Flamboyance, elegance, class, luxury, living lavish, name it all, are the thoughts that come to every naive soul’s mind at the mention of wealth. It gets even more exhilarating if the wealth in this case is to the tune of millions or even billions. For some reason, being rich oftentimes goes together with power, fame and respect. Therefore, there is no surprise that when listening to young people, their dreams and ambitions are about making it to the Forbe’s list of the richest people on the planet. The blame cannot, however, be squarely borne by them. Every person admires driving top-class fuel guzzlers and living in palatial homes fit for royalty. However, just like any other career, profession, title or duty, being a millionaire is not devoid of shortcomings. Behind the glamour and flamboyance presented by millionaires or the “supposed perception” of this public display of might of wealth, their lies myriads of challenges and huddles.

Millionaires face many challenges that come with the title of being a hot shot in the money markets. The first likely answer is the pressure that comes with it. The mental and social pressures that come with being a millionaire are almost equivalent on many fronts, and if not handled with utmost precision and professionalism, can result in far reaching consequences. Stress and depression are the likely endings of the story. Millionaires naturally become insecure and read any uncommon events occurring around them and in their lives as attempts to take them out of the equation. Sometimes their fears and worries are legitimate. In other cases, they are baseless and unwarranted (Kashktan, 2012).

The greatest friend and enemy to a celebrity is the media. Millionaires are celebrities in their own right, and they are no exception to this. The media builds and jeopardizes careers and lives with almost equal measures. They scrutinize the lives of millionaires and ensure they leave nothing in their quest to find juicy information regarding the subject’s past (Robin, Dominguez & Tilford, 2008). They dig deep into the millionaires’ lives, and their secrets are unearthed for all and sundry to hear. Such secrets, especially the most revealing ones could prove to be potential home-breakers. It matters remarkably little if the millionaire in question is the laid-back type, camera shy or addicted to the limelight. The reason, the media's unrelenting and unwavering interest in the lives of millionaires is somewhat clear. To most people, they are role models and mentors. Nothing would be more appealing than finding one or two more things about the person that makes a person build castles in the air.

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One other debatable challenge is on the effect of wealth to the magnitude of billions to the family set up. Arguably, most children brought up in extreme lack of wealth have proper insight on management of life issues and do not fall victim to various social, cultural and moral judgments. This argument bases on the scandals involving sons and daughters of millionaires that decorate the columns of the newspaper pages. It does not end there. Some “rich kids” engage in life threatening activities. From racing cars on the highways, abuse of hardcore drugs and sexual immorality among a host of other endangering acts. A possible explanation to this attributes to the argument that most millionaires’ lives have busy schedules, interviews to give, meetings to attend, business trips to go for an unending paperwork. All these activities contribute to limiting the interaction between the millionaires and their sons and daughters. The resultant effect is children who turn more or less as social misfits (Robin, Dominguez & Tilford, 2008).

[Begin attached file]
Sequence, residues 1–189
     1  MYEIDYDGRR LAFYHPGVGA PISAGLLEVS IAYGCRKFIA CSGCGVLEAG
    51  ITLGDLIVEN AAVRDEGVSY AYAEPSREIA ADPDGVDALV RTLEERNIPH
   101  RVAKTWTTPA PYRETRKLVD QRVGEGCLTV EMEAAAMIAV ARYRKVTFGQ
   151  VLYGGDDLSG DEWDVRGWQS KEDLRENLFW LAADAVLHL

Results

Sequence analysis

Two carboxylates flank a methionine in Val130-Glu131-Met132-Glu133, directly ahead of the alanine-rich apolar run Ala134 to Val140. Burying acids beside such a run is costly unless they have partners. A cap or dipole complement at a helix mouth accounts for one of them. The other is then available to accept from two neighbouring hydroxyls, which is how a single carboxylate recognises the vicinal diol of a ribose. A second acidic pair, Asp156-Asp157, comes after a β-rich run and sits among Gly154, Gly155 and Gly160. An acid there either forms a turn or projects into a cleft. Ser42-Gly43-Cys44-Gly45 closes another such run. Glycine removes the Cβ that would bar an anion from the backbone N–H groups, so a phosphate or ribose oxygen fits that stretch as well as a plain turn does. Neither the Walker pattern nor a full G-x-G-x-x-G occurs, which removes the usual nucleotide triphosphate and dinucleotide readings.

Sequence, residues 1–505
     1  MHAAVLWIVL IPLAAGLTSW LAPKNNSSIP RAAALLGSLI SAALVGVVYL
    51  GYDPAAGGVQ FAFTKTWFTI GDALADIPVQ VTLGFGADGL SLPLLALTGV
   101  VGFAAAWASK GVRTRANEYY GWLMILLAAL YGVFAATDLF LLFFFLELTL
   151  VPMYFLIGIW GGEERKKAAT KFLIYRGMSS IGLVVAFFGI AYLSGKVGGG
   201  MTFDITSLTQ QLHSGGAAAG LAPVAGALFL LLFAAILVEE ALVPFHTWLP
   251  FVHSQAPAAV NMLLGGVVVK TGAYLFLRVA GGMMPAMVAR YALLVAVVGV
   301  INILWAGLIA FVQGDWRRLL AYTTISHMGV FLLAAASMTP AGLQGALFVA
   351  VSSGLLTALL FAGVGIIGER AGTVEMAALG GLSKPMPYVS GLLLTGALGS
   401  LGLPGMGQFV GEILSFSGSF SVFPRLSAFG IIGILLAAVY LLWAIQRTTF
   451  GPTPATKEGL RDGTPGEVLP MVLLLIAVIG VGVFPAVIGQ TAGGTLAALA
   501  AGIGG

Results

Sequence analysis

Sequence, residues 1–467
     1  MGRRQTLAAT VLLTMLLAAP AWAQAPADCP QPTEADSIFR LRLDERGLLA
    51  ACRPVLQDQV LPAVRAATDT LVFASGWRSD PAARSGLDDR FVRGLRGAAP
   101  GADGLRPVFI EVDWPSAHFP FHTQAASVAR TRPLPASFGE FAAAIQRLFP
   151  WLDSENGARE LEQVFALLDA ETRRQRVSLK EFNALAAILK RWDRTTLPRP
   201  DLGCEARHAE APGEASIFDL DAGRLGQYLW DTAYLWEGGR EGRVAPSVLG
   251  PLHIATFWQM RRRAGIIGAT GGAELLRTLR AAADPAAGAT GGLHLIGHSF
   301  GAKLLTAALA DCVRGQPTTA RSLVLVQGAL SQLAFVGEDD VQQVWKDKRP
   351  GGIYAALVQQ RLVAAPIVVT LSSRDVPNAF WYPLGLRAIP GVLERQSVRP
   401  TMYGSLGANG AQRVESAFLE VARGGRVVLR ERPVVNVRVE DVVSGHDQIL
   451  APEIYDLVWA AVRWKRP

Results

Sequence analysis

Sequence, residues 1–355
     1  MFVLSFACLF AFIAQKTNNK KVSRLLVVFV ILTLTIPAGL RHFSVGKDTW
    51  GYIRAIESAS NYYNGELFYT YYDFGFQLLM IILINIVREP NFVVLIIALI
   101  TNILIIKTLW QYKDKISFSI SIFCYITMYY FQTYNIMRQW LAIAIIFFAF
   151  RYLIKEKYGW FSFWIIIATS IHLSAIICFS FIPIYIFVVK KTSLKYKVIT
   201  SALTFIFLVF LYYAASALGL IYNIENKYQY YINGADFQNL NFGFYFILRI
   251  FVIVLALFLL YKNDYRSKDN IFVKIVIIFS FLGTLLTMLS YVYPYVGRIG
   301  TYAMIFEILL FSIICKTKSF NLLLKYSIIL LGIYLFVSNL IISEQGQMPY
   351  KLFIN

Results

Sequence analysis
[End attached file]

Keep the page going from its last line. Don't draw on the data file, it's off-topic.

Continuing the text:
The immense and sometimes unrealistic expectations from friends and family also pose a challenge to millionaires. Being a millionaire looks like being in a position of dishing out goodies at will. Friends and family flock millionaires with the hope of benefitting from them (Kashktan, 2012). Philanthropic gestures are not detrimental, but such opportunism should never get a place in society. Millionaires also face the risk of being “excommunicated”. Friends and family tend to look at them differently and usually, they find themselves left out with no company. They thus stick out like sore thumbs. Nobody in his or her right senses would cherish the feeling of solitude. After all, no man is an island.

In conclusion, being a millionaire is undoubtedly a plus, especially in this era when money seemingly determines one’s destiny. Additionally, if looked at keenly and carefully, millionaire’s lives have challenges, setbacks and huddles. Bill Gates, one of the richest men in the world says there is nothing so exciting about being a millionaire. He says after the million, it is all the same. There could not be a better way of putting it. 

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